A team of researchers at the University of Notre Dame has made a major advance toward this vision by creating an inexpensive "solar paint" that uses semiconducting nanoparticles to produce energy. The advance was made with nano-sized particles of titanium dioxide, which were coated with either cadmium sulfide or cadmium selenide. The particles were then suspended in a water-alcohol mixture to create a paste.
Perhaps the biggest challenge for researchers is to get the efficiency levels to be as great if not greater than typical solar cells which means around 10-15%. So far the paint is at 1% efficiency in the best-case scenario.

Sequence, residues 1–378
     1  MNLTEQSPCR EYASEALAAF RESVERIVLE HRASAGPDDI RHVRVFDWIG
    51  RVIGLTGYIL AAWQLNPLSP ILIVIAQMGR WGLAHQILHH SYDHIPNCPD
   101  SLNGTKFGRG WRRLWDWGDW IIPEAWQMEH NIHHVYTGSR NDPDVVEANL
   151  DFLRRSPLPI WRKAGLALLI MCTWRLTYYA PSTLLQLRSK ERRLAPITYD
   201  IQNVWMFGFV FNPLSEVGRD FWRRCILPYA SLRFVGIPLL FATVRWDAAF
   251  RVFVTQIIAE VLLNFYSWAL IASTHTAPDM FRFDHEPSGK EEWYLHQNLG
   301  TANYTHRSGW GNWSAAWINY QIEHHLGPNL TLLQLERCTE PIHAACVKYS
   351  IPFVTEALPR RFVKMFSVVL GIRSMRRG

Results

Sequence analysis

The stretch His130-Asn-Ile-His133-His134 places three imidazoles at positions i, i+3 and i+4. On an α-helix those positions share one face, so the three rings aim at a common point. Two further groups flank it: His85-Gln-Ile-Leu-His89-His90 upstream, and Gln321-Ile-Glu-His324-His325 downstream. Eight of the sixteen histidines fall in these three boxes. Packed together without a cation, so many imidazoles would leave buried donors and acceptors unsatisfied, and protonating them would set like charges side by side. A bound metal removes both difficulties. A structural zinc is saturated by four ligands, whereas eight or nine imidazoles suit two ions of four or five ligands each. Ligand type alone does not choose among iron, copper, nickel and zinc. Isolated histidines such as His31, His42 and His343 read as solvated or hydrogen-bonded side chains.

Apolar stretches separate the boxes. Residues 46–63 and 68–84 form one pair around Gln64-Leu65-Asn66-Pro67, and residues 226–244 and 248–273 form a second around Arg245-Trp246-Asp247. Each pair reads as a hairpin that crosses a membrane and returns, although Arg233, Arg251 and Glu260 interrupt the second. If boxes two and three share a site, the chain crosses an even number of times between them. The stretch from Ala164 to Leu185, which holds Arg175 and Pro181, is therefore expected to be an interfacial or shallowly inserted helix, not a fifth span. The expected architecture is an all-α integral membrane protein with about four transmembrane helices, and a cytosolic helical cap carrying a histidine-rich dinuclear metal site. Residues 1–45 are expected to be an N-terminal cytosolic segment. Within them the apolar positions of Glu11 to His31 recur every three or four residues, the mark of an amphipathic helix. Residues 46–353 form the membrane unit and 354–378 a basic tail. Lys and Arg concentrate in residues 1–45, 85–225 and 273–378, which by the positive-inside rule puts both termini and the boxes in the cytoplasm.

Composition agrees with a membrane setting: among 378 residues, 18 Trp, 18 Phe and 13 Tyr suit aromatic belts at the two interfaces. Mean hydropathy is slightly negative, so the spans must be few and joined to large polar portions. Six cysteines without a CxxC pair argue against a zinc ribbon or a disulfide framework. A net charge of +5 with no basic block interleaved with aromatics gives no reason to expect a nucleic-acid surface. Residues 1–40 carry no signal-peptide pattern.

The paint has been deemed Sun-Believable by its creators because it can be made cheaply in large quantities. Certainly one distinguishing characteristic of solar paint is it is a lightweight and potentially inexpensive addition to something which is already being used in mass quantities throughout the world.
In other words, you don’t need to get permits and spend millions or more on wind harnessing equipment or buy solar panels which require sophisticated installation. This advance can basically yield increased energy with little work and minor changes to homes, cars,buildings and perhaps even concrete and pavement.